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Pork-barrel spending offsets efforts to cut budget deficit

Even as Congress trims some programs to reduce the federal budget deficit, it is expanding others. Lawmakers acknowledge that savings achieved with great difficulty this year may soon be offset by added spending. In addition, buried in the House and Senate deficit reduction plans are special breaks to alleviate much of the burden for companies and industries fortunate enough to be represented by the handful of lawmakers negotiating the final compromises.

The new spending comes about because of old-fashioned pork-barrel projects, policy choices in favor of new or expanded programs and the deterioration of the economy, which is increasing demand for benefits like unemployment insurance and food stamps.

Whether any particular increase is good or bad is a political question with a subjective answer; what seems essential to one lawmaker or interest group may appear wasteful to others.

But it is indisputable that Congress has quietly enacted appropriation laws that increase spending, often in districts represented by influential lawmakers, while they publicly proclaim the need for deficit reduction.

"The federal debt is going from a quart to a gallon," said Gerald Miller, executive director of the National Association of State Budget Officers. "But Congress and the president are taking out only a cup."

Saving here, spending there

Sen. Dale Bumpers, D-Ark., said one subcommittee of the Appropriations Committee recently received 2,800 written requests for park, land and water projects from various senators.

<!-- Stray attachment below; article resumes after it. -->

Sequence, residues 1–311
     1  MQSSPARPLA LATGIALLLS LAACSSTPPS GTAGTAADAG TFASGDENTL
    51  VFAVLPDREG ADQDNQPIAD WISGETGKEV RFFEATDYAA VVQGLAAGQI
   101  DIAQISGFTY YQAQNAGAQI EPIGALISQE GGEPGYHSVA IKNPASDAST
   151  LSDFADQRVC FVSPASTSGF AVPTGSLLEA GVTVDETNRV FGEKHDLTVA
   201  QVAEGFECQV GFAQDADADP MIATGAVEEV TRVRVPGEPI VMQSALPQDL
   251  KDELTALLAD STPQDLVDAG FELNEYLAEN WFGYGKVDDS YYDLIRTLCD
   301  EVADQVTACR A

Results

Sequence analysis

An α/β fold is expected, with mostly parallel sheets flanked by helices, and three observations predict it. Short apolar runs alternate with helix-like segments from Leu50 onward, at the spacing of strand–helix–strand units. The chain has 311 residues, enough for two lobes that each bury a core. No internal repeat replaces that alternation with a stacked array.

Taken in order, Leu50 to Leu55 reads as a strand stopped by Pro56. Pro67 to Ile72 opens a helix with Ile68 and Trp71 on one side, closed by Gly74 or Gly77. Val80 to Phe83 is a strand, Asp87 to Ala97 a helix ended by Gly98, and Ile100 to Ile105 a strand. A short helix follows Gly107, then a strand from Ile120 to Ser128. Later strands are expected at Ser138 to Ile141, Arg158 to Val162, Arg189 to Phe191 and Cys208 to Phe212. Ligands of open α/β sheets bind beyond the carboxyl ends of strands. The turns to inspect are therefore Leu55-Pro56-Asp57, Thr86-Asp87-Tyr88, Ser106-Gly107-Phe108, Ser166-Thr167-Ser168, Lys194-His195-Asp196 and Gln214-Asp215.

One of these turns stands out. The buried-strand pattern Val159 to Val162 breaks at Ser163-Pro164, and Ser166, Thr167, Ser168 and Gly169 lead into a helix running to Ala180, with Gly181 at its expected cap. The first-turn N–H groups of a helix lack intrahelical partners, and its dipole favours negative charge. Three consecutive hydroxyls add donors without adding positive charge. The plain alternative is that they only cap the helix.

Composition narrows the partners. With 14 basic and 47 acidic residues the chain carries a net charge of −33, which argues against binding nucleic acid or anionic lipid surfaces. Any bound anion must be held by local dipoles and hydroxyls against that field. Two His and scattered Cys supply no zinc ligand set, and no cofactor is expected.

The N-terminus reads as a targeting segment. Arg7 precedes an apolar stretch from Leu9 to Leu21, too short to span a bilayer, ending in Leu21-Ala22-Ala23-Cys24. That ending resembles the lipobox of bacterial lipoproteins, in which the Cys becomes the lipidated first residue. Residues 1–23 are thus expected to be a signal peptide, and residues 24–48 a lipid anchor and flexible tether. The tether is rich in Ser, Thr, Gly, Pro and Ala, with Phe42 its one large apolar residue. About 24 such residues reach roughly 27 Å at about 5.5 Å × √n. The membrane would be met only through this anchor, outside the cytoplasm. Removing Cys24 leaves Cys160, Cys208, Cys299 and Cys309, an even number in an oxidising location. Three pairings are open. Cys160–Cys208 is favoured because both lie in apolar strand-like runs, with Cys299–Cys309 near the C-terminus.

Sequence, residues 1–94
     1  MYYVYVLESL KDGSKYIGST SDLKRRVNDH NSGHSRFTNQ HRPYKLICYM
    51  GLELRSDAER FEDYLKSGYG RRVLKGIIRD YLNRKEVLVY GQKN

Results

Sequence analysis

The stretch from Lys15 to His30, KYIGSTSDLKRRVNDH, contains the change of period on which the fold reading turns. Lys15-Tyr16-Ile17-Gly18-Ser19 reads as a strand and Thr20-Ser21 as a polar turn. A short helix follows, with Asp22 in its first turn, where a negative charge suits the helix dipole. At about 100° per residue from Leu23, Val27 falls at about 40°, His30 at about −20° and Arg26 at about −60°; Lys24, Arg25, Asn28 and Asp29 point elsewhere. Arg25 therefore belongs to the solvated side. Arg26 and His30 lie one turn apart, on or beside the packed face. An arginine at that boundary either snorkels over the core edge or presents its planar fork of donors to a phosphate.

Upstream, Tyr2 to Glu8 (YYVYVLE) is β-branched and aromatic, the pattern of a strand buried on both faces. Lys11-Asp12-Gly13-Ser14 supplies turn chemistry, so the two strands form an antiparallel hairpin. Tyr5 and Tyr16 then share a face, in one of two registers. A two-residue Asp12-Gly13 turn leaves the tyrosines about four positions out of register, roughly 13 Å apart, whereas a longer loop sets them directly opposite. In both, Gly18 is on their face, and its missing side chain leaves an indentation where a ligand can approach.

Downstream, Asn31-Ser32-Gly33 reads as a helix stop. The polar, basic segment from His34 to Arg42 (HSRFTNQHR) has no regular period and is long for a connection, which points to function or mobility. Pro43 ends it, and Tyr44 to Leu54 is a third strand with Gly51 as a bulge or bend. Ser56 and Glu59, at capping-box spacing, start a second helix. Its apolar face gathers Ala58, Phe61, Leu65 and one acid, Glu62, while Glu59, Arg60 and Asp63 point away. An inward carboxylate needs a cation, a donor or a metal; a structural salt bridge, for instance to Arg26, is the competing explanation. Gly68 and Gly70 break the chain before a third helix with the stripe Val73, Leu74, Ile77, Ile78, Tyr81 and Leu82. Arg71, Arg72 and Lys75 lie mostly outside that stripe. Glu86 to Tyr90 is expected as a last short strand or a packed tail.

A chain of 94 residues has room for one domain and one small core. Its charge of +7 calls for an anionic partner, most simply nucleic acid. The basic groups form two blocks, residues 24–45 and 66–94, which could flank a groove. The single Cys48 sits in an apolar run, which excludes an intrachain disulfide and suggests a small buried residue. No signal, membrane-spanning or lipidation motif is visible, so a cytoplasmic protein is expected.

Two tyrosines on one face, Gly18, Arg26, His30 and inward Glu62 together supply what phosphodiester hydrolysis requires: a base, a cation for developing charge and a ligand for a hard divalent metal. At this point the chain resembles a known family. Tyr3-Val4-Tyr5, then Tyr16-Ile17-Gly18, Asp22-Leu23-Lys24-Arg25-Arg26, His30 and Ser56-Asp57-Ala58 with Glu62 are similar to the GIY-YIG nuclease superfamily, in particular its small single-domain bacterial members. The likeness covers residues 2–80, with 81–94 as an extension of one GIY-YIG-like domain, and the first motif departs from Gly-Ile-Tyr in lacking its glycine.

"Those same senators then come in here with unctuous, pontificating statements about how, if we just freeze this or that, we could get the deficit under control," Bumpers said.

To cover the increases in spending, Congress plans to raise the debt limit. Under budget plans adopted by the House of Representatives and the Senate, the federal debt, which represents the accumulated total of all federal borrowing, would soar to $5-trillion in 1995, from the current $3.2-trillion. When President Reagan took office in 1981, the debt was slightly less than $1-trillion.

A little-noticed provision of the deficit-reduction bill passed by the House would raise the statutory limit on the public debt to $5-trillion. If the higher limit is part of the final bill, Congress could avoid the annual ritual of increasing the debt ceiling.

The ritual is politically embarrassing to lawmakers and occasionally brings the government to the brink of default. When Congress fails to extend the debt limit, the Treasury must postpone new borrowing, as it did last week.

There is virtually no way for the government to reduce the debt unless it runs a budget surplus. A budget deficit in one year must be covered by further borrowing, which increases the debt and adds to interest costs in future years.

Net interest payments on the federal debt were the fastest-growing major category of federal spending in the 1980s. The increase in such payments, from $52.5-billion in 1980 to $169-billion in 1989, exceeded all the savings Reagan achieved in health, education, welfare and social service programs.

Sen. Ernest Hollings said that the new deficit-reduction package "guts the Gramm-Rudman-Hollings law" by making it easier for Congress to avoid meeting the annual deficit targets in the law.

As originally passed, the law stipulated that the budget should be balanced in the fiscal year that began on Oct. 1. The deficit (how much more the government spends than it takes in each year) was $221-billion in 1986, hovered in the range of $150-billion to $155-billion in the next three years, but shot up again in the fiscal year just ended.